Rabbit Advocacy Animal Matters
Stress takes a toll on animals too, scientists find
The effects of competition on critters may be relevant for humans, researchers say
Birds, bunnies and the rest of the animal world suffer post- traumatic stress, just like humans. And it can last for years or even generations -- a result of scarce food and especially, predators.
Only years of therapy can cure this stress, University of Toronto biologist Rudy Boonstra believes -- therapy that comes from easier living conditions.
A new Canadian-led study of sparrows builds on an earlier study of snowshoe hares, revealing a pattern of stress that likely crosses many species, including humans. When birds and hares go through stressed-out times, they can't reproduce in large numbers, and they carry high levels of stress hormones along with low levels of energy- boosting compounds.
"Kill-or-be-killed combat stress can have life-long consequences for humans," Boonstra said. "Wild animals experience something similar daily having to find food while avoiding being killed by predators. The same type of things that affect you and me -- we compete for jobs, compete for mates, compete for resources -- affect the natural world. "Our bodies, I mean all animals, are exquisitely adapted to deal with it. But there are costs."
This came to light in a 1990s study of the northern snowshoe hare, a common animal throughout the boreal forest, and the main diet of foxes, coyotes, lynx and many hawks.
For hundreds of years, fur traders have tracked a 10-year cycle of rising and falling hare numbers. When hare are plentiful, fox and coyote numbers rise. These extra predators kill off most of the hares, until hares are scarce and predators' numbers drop. Then hares multiply again. But it's not that simple, Boonstra discovered. Hares aren't the same animals in good times as they are in bad times.
"The question is, do they know it?" said Boonstra. "Do they know that after the peak (in hare numbers) the tide is turned against them? Are they conscious of the world? And the answer is 'yes.' "Everything I've done on their physiology shows very clearly that they're stressed all to heck."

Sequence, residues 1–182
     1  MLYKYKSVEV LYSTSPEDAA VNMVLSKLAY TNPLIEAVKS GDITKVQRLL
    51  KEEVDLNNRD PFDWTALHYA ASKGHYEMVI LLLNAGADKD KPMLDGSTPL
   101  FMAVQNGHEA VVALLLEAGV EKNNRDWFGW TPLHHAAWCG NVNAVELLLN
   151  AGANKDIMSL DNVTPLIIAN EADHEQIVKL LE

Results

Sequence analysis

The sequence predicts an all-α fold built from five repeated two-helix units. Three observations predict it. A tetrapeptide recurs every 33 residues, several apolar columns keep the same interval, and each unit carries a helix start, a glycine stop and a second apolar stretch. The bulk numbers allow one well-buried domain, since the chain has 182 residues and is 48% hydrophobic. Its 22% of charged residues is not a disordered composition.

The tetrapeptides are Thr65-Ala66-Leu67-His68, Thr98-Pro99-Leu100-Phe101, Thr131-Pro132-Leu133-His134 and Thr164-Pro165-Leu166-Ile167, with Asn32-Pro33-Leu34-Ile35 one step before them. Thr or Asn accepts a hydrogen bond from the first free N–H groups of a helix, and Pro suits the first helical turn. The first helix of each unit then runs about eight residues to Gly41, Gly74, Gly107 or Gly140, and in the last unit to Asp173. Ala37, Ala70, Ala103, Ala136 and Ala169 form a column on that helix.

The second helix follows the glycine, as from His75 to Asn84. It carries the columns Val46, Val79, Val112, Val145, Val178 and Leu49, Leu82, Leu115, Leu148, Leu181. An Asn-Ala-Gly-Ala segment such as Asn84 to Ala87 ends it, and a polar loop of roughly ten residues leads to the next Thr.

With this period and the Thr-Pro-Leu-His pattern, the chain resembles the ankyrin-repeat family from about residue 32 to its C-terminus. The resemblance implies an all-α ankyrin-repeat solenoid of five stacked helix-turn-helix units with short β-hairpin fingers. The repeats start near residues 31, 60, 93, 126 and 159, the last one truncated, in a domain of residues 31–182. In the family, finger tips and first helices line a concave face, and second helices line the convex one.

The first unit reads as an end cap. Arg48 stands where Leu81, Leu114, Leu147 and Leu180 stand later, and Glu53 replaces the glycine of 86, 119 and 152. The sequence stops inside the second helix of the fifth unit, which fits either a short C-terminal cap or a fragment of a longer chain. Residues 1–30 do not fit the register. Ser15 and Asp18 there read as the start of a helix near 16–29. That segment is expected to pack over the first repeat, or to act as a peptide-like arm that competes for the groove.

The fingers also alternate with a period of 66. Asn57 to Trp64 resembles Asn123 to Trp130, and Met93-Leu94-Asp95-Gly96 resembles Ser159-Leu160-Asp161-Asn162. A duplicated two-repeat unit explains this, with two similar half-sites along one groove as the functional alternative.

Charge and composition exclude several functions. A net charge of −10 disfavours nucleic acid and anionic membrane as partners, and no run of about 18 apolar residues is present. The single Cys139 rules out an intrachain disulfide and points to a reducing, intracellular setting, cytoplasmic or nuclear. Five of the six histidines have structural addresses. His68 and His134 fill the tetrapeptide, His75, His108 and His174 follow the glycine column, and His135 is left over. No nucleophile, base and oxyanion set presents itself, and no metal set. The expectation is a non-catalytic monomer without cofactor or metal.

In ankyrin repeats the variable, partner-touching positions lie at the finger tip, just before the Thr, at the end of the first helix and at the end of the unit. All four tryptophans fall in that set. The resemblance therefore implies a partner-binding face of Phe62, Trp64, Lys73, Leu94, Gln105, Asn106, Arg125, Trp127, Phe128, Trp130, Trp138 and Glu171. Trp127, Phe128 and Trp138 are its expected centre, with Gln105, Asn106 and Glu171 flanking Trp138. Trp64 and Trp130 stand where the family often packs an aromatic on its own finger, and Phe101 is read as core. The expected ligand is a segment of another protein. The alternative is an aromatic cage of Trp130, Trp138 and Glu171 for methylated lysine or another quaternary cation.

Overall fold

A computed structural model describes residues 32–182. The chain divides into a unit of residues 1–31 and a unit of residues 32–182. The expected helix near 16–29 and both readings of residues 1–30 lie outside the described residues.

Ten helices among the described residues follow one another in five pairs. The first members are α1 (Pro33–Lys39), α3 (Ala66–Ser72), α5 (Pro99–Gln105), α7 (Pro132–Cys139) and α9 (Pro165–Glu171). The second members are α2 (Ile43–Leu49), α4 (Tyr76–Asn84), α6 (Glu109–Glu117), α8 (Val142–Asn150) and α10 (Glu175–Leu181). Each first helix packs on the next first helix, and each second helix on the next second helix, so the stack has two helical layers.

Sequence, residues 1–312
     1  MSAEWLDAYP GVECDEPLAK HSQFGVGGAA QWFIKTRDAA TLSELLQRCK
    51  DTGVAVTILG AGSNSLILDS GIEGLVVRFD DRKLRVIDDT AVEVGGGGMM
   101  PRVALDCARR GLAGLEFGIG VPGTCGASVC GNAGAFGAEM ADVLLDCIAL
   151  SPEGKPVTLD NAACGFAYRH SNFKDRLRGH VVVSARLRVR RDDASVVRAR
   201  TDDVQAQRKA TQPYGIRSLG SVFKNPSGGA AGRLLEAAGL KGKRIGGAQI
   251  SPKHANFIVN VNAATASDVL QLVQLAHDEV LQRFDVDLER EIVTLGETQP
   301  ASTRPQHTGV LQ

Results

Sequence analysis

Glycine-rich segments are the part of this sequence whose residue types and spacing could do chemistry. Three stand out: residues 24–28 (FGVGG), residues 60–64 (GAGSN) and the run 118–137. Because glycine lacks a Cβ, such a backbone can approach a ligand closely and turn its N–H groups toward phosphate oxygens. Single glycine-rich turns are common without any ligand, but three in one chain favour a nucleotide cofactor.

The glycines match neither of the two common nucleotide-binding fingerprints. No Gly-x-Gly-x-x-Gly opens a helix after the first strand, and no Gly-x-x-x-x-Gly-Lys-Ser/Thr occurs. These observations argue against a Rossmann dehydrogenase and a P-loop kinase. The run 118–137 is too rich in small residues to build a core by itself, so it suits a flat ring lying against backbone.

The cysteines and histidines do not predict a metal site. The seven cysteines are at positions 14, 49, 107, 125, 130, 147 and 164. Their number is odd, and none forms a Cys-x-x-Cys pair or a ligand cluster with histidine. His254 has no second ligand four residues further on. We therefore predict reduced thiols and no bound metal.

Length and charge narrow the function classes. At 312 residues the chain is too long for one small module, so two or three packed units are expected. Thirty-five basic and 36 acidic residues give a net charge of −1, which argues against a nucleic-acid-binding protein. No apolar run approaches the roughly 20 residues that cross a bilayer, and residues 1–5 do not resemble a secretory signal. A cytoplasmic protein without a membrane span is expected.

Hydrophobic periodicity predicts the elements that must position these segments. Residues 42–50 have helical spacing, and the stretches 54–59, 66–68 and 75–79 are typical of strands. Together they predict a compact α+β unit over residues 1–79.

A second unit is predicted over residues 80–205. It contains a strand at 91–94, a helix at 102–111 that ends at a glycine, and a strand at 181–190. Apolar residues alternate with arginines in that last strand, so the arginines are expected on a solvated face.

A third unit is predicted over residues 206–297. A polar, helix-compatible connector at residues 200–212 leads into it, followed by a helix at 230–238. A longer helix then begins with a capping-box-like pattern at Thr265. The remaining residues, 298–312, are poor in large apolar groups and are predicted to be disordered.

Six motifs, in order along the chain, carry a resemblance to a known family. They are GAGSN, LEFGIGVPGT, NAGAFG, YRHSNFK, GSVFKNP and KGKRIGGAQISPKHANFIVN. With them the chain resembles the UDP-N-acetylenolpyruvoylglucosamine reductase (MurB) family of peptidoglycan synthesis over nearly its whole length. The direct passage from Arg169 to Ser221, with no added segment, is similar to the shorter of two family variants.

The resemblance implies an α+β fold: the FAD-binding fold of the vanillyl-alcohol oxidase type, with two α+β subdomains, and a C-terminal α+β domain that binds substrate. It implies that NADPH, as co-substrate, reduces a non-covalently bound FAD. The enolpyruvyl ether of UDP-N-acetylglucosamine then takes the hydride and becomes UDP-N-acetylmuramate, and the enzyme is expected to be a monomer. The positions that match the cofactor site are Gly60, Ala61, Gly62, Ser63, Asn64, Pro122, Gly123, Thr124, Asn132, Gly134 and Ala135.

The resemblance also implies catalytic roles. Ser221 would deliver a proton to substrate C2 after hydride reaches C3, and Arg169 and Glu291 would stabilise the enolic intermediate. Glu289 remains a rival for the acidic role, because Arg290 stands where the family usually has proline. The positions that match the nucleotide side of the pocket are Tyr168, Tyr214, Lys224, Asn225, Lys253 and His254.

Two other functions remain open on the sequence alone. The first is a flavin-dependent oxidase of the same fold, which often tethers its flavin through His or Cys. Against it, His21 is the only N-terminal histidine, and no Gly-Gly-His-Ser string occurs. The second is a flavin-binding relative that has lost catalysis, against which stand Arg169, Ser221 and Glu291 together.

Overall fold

After the hare population plummets, it takes time for hares to breed again. The animals retain physical signs of stress, such as increased stress hormone levels. And even in a safe lab they won't breed well, often for several years, until the memory of constant attacks by predators has faded. They're just like war veterans, Boonstra believes.
"The hypothesis is that the memory is encoded both in the individual . . . and I believe that it also affects the progeny. We've not shown this, but I believe the progeny also carry memory of the experiences of their parents" through chemical effects on hare fetuses in the womb.
In the new study, Boonstra and colleagues at the University of British Columbia, University of Western Ontario and Washington University studied song sparrows on some Gulf of Juan de Fuca islands. These mimicked the hares' experience. Sparrows surrounded by predators and with little food reproduced very poorly. They had high stress hormone levels. They lacked the energy to fly well.
"Are we subject to these organizational changes in our brain as are these short-lived species? We don't know . . . but the template is similar," said Boonstra.
The report is printed in the Proceedings of the Royal Society.
The fear of predators has been found to produce lasting effects on the physiology of an animal.
December 27, 2012 Why Care about Animals When There Is So Much Human Suffering?
To paraphrase Australian philanthropist Philip Wollen, If there was anything in nature as violent and destructive as man, we would call it a virus and attempt to wipe it off the face of the earth.